Toros a Tope

After spending a week traveling through central Europe and a few hours elbowing through crowds to see Holy Week processions, I needed to escape. Too many somber, Lenten beer-less (ok, not really) days of penitence and adoration.I needed to go see a bull being released.So, I´ve been a bad Catholic and haven´t given up anything for Lent for years, so Easter to me, with its lack of chocolate bunnies, easter egg dye and boiled ham feel like just another Sunday to me. I begged Kike to take me to Arcos de la Fontera, a beautiful town perched on twin peaks, to see my friend CeCe and the famous Toro de Aleluya.

While the bull-friendly nation of Spain has found itself in the middle of controversy for its festivals involving the beasts, I, for one, love its adherence to tradition. The town of Denia has a summer fair where the daring can swim in the Mediterranean, and San Fermines, or the Running of the Bulls in Hemingway’s Pamplona, is one of the most well-known spectacles in Spain. I had to settle for something a little smaller.

CeCe greeted Kike and I with a mimosa, to which he turned up his nose and I gladly took. We found a spot behind red iron gates holding back spectators from the Paseo, the main street between the old and new towns. People wore matching t-shirts and hung off of balconies, signs – anything they could to get a good view of the encierro path.

Mimosas turned to beer and rebujito, and after two hours in the sun, the bull was finally released. He was FLOOOOOOOOJO. Although the gate was a mere 50 meters down the road, the pistol sounded and everyone screamed…and we waited. A band taunted the bull, and young chulos ran up and down, attempting to get the bull, enticed by movement, to move. He stood there, flapping his tail and looking uninterested.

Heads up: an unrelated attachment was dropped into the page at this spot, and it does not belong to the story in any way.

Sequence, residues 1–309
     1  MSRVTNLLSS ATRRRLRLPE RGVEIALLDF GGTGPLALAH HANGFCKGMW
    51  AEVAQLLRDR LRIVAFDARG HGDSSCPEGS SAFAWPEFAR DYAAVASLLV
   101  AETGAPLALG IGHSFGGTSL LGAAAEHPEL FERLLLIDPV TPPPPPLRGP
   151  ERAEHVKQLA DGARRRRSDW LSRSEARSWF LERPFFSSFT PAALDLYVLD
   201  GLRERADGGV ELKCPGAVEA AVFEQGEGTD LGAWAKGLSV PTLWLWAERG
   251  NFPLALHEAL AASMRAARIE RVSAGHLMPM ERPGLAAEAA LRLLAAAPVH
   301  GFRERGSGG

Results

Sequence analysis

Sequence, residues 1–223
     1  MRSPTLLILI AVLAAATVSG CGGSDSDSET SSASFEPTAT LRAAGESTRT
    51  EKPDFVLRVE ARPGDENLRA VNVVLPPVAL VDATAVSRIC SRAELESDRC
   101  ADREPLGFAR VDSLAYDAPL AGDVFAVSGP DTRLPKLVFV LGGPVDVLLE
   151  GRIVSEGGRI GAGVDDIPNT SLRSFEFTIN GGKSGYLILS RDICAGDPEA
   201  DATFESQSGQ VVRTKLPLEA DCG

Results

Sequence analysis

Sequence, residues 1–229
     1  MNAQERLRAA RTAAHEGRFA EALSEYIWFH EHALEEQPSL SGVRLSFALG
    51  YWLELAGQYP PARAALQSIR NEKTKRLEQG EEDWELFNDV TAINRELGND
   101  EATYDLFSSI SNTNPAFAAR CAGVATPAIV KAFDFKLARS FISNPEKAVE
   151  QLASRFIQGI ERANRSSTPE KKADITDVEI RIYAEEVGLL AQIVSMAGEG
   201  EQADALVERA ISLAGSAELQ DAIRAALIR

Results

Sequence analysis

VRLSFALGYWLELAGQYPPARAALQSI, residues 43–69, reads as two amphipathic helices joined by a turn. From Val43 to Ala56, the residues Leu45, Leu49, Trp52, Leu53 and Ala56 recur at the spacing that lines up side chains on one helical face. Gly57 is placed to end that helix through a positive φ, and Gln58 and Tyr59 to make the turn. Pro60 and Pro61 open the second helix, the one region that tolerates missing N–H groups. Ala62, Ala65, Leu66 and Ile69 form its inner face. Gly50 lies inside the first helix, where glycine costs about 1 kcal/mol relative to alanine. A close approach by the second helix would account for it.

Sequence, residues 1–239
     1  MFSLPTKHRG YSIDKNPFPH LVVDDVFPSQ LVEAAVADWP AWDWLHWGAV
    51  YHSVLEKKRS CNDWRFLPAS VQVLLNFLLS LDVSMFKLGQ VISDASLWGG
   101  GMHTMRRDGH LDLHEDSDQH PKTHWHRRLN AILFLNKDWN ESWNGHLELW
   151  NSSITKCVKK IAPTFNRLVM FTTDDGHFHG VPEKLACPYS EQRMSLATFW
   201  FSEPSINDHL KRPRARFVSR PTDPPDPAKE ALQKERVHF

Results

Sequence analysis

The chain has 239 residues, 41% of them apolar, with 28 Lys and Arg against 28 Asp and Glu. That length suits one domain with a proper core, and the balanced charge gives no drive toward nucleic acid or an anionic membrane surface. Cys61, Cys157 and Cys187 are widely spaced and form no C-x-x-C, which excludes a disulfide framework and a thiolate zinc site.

I wiggled my way up the front, hopeful I´d get a few pictures. Instead, I got a bunch of people running and a few kicks in the face from the teenagers perched on the gates over my head. I decided I was over it, so we kept drinking our beer and eating homemade bocadillos.

The bull continued up and down the street, kids screaming and flapping noise-makers adorned with ribbons the colors of Andalucía. during the hour-long descanso, we wandered down into one of the main plazas of the new part of town, which was ringed with vendors, beer tents and snack carts. We took a few shots (served by one of Cece’s coworkers), took pictures with all her high schoolers and enjoyed the sunshine. The whole place had been converted to an outdoor disco full of skanky looking girls and chulos in white-rimmed sun glasses.

Aline, Kate, me, CeCe, Isabel and Amanda at the encierro

Ah Spain and your never-ending parties and canis. Thankfully, Feria is two short weeks away. ¡Olé!
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About Cat Gaa

As a beef-loving Chicago girl living amongst pigs, bullfighters, and a whole lotta canis, Cat Gaa writes about expat life in Seville, Spain. When not cavorting with adorable Spanish grandpas or struggling with Spanish prepositions, she works in higher education at an American university in Madrid and freelances with other publications, like Rough Guides and The Spain Scoop.

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